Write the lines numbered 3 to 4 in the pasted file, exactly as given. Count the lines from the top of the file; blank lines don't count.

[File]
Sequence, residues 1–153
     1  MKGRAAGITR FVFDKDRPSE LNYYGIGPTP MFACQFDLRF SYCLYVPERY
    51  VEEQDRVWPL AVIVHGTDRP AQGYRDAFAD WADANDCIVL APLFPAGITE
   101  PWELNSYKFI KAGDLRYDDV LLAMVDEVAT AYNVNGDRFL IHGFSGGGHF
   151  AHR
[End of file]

    51  VEEQDRVWPL AVIVHGTDRP AQGYRDAFAD WADANDCIVL APLFPAGITE
   101  PWELNSYKFI KAGDLRYDDV LLAMVDEVAT AYNVNGDRFL IHGFSGGGHF